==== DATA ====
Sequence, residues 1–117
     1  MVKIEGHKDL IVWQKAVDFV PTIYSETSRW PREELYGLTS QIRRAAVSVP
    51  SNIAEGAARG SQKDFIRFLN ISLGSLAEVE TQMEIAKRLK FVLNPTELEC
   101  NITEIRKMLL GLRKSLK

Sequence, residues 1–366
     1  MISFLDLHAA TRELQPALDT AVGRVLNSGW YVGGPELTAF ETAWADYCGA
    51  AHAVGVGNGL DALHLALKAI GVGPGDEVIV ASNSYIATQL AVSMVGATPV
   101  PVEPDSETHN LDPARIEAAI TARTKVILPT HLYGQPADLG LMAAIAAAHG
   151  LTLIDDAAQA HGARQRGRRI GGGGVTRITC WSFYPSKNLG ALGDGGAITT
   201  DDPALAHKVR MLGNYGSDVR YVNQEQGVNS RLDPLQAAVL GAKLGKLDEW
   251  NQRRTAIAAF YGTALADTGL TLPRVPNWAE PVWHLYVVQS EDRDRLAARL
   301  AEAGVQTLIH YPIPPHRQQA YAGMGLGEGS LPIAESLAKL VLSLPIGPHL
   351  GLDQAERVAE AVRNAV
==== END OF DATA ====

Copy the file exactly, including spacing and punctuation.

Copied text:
Sequence, residues 1–117
     1  MVKIEGHKDL IVWQKAVDFV PTIYSETSRW PREELYGLTS QIRRAAVSVP
    51  SNIAEGAARG SQKDFIRFLN ISLGSLAEVE TQMEIAKRLK FVLNPTELEC
   101  NITEIRKMLL GLRKSLK

Sequence, residues 1–366
     1  MISFLDLHAA TRELQPALDT AVGRVLNSGW YVGGPELTAF ETAWADYCGA
    51  AHAVGVGNGL DALHLALKAI GVGPGDEVIV ASNSYIATQL AVSMVGATPV
   101  PVEPDSETHN LDPARIEAAI TARTKVILPT HLYGQPADLG LMAAIAAAHG
   151  LTLIDDAAQA HGARQRGRRI GGGGVTRITC WSFYPSKNLG ALGDGGAITT
   201  DDPALAHKVR MLGNYGSDVR YVNQEQGVNS RLDPLQAAVL GAKLGKLDEW
   251  NQRRTAIAAF YGTALADTGL TLPRVPNWAE PVWHLYVVQS EDRDRLAARL
   301  AEAGVQTLIH YPIPPHRQQA YAGMGLGEGS LPIAESLAKL VLSLPIGPHL
   351  GLDQAERVAE AVRNAV